When the onions and anchovy are nice and melty, dump the tuna in and give it all a good mix. At this point, I usually add a bit more oil, but it can be your call.

When the sauce is warmed through,add the black olives, kind of breaking them in half as you go. Stir, and add more oil. (I was probably up to about a 1/4 a cup of oil by the time everything was said and done. Obviously if you used tuna packed in oil, use a little less.)

With tongs or something similar, move finished pasta from the boiling water to the sauce pan. Toss everything together and shave lots of parmesean into it. Serve in lovely generous portions and top with more cheese and, you guessed it, another drizzle of olive oil!

Monday, January 4, 2010

2010, off to a promising start!

A whole new decade! Wow. Pretty wild, huh? I spent the midnight moments at work, but as it happened there was no where else I would rather have been.

I arrived at 11am, ready for a loooong day, dressed in my NYC finest! Preparations for the evening began almost at once, balloons were everywhere!

Marcos, the fantabulous lunchtime Maitre d', was working lunch and also getting ready to be the musical entertainment for the night. He's kind of a powerhouse.

Raffaelle-- known as Raffa-- and Patrick busied themselves in the absence of ANY lunchtime customers, with tying the party balloons to Marcos belt loops without his knowledge. Thought I knew I should object, I have to say it was just a little bit funny to watch Marcos frantically setting up his equipment whilst dragging silver and gold balloons around. Nonetheless, I told Raffa he should probably sit in the corner for a bit and think about what he'd done. Being the only girl in a room full of boys gives you a surprising amount of clout. I try not to let it go to my head. Sort of.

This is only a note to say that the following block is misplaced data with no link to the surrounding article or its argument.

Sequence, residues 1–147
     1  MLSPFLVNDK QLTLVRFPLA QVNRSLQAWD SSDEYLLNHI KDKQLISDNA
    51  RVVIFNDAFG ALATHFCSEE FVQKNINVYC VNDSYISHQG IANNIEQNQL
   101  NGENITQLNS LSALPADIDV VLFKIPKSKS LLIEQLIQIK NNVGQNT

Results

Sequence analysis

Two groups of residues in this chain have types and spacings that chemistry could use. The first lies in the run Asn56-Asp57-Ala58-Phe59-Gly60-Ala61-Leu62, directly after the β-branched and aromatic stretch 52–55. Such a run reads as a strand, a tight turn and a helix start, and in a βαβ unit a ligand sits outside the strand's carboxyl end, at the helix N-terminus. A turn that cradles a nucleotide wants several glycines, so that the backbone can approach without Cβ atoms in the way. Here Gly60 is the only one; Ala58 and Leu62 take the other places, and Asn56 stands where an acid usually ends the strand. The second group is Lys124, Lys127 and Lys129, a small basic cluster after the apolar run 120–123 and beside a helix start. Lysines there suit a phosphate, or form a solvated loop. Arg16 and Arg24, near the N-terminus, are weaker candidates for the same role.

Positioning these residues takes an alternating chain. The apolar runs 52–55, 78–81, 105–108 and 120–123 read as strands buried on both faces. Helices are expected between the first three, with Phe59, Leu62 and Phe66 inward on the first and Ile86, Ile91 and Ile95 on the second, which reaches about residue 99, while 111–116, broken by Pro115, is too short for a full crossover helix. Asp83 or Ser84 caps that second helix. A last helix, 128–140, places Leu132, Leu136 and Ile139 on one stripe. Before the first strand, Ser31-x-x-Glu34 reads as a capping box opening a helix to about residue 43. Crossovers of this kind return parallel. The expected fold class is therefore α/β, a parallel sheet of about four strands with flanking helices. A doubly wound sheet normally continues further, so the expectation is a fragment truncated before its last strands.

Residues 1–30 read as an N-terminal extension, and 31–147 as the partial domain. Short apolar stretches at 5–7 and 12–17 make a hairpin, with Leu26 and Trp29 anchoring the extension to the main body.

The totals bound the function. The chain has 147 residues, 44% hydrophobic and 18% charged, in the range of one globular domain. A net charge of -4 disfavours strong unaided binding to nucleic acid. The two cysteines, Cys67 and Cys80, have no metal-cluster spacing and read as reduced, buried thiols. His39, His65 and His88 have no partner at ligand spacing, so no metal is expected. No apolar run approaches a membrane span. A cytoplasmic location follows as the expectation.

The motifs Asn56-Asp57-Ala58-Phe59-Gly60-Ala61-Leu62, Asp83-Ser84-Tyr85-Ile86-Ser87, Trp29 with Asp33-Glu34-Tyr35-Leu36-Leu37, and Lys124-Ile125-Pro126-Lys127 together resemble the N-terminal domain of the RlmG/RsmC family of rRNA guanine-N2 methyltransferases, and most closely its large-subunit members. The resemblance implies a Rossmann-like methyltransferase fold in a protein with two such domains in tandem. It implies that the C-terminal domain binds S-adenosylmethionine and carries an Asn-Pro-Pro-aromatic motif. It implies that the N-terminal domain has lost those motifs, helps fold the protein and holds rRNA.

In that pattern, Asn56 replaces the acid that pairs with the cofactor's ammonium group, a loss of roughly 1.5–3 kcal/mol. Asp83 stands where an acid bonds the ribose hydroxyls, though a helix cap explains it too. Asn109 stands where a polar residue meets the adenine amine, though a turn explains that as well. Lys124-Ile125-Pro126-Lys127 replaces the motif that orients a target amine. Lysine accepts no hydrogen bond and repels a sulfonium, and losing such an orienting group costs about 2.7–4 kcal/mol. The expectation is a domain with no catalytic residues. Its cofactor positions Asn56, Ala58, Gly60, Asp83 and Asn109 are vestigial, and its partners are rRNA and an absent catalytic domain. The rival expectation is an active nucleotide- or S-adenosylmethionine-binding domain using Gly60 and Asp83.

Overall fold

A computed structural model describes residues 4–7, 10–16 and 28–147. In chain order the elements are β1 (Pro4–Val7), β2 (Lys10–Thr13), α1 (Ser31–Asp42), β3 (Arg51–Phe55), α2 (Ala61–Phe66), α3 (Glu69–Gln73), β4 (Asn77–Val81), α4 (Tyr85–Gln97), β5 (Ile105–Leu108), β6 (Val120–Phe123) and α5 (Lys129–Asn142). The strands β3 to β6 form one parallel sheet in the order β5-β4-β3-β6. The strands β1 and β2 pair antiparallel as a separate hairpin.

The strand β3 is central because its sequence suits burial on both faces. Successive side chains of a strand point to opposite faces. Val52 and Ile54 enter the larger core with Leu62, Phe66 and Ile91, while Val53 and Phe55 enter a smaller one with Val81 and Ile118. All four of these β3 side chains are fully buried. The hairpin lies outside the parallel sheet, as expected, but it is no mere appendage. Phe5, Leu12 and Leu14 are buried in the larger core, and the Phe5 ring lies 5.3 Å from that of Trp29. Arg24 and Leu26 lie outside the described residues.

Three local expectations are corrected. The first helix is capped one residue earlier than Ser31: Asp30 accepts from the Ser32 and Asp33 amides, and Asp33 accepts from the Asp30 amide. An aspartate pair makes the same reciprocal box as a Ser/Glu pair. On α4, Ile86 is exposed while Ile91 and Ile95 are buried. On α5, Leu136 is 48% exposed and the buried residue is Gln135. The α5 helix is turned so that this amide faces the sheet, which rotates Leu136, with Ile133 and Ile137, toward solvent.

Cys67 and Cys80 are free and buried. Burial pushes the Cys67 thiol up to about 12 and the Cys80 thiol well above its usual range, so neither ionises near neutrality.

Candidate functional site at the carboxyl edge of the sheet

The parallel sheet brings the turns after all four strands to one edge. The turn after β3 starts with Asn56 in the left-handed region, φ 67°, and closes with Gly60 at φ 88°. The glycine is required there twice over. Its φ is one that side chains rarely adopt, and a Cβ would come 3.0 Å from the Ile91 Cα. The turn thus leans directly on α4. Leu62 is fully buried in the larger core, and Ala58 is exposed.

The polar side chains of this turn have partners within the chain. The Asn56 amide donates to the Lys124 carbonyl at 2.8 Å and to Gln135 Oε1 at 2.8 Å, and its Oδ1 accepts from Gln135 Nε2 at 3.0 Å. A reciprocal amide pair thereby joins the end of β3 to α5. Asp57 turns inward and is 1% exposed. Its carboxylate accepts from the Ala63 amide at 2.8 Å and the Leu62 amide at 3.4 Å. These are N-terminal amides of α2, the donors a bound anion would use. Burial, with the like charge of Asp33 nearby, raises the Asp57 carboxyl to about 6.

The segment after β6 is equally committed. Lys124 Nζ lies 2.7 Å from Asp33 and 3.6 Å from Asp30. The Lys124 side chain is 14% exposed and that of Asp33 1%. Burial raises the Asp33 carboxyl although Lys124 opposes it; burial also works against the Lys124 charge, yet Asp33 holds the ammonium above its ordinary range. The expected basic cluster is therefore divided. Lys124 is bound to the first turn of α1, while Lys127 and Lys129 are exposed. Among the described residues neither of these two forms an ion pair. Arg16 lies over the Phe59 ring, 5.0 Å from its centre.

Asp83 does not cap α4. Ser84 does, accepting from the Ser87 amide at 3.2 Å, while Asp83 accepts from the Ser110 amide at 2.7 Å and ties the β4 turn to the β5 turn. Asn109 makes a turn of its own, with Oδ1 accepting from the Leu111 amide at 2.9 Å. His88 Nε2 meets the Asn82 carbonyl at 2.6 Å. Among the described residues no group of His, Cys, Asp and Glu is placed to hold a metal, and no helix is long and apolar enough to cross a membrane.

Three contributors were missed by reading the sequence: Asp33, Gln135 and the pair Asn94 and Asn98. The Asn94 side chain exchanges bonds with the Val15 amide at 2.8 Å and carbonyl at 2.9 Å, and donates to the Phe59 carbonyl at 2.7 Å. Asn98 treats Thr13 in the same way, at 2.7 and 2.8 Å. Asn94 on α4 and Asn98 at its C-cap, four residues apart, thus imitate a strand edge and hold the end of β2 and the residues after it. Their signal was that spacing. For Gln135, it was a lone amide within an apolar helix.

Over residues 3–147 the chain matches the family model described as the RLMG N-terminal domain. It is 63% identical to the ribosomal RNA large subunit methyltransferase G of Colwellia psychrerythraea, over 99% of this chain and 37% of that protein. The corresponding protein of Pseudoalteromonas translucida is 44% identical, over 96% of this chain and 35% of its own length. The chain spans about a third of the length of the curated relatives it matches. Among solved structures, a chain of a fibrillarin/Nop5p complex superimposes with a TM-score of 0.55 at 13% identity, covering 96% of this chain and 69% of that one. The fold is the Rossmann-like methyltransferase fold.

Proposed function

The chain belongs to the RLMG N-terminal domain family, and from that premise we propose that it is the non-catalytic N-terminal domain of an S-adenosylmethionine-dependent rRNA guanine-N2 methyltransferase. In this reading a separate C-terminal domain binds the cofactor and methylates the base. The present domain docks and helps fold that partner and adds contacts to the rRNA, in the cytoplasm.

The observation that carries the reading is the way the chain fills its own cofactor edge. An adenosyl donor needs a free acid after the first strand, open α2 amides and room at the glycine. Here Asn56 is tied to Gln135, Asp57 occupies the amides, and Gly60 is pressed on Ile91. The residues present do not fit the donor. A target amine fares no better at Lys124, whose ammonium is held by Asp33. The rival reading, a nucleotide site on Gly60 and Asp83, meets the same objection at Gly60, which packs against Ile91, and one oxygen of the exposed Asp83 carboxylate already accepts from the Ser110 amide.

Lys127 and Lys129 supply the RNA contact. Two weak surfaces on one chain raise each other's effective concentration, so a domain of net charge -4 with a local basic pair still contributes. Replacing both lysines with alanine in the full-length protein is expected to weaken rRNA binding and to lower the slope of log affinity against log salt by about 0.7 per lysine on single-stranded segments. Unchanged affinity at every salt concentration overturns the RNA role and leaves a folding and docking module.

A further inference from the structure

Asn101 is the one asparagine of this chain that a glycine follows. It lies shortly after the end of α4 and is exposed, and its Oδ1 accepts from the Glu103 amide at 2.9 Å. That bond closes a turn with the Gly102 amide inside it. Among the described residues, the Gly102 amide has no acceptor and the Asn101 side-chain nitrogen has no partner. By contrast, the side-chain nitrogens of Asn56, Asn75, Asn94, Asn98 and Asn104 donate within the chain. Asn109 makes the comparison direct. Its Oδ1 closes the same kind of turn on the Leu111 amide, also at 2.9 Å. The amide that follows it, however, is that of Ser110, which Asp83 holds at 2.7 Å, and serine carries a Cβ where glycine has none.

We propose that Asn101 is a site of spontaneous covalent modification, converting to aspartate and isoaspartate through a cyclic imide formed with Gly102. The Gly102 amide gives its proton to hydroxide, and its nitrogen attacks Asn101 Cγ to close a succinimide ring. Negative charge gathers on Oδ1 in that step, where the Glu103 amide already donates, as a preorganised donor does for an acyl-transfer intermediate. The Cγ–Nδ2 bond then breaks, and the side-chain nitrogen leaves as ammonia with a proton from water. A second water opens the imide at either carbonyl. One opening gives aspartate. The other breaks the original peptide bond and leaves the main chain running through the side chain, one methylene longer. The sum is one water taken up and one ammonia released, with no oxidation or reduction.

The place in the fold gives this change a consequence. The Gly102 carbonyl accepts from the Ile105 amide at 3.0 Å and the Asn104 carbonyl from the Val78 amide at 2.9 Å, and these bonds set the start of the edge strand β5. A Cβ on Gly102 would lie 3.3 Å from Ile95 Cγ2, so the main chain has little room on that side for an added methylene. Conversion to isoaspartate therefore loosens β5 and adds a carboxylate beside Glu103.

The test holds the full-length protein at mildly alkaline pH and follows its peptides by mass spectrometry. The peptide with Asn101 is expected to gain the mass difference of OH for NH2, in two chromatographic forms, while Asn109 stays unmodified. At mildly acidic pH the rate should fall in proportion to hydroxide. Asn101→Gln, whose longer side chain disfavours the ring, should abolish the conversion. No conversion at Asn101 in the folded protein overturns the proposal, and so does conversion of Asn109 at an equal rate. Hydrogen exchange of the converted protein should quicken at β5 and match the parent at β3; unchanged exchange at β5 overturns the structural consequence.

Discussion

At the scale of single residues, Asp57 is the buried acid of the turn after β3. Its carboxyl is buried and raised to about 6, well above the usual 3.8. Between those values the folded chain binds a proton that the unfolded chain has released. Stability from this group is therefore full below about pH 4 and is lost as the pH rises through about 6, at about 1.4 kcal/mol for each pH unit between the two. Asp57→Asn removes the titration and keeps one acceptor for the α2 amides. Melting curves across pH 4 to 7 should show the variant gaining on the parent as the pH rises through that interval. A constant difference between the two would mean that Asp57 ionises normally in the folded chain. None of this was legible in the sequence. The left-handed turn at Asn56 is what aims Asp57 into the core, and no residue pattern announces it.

Little by little things came together. Musicians arrived. Check out this guitar;

And the party was going at last!

Everyone was seated by 10:30, at which point the owner, Lumi and I began to toast the occasion, joining the waiters in a little (ok, a LOT) of Prosecco at midnight! Europeans really know how its done, I must say.

Even David joined the fun!

No place I'd rather have been. Throughout the evening, a feeling of complete happiness filled me up, as though I was with a family of sorts. A mis-matched, haphazard group of displaced people who have all come together in the same place at the same time, far from home, to celebrate together.

Some of us took the celebrations very seriously;

Some of us were a bit silly about it;

Some were just happy the dinner rush was over;

The strength and meaning of the connections that have been forged between me and these crazy Euro-goofballs over the past few months hit me like a ton of bricks. I love these people, and I feel so lucky to be a part of their world. This is a special time and I'm happy to be sharing it with them.

May 2010 bring you all the things you hope and more!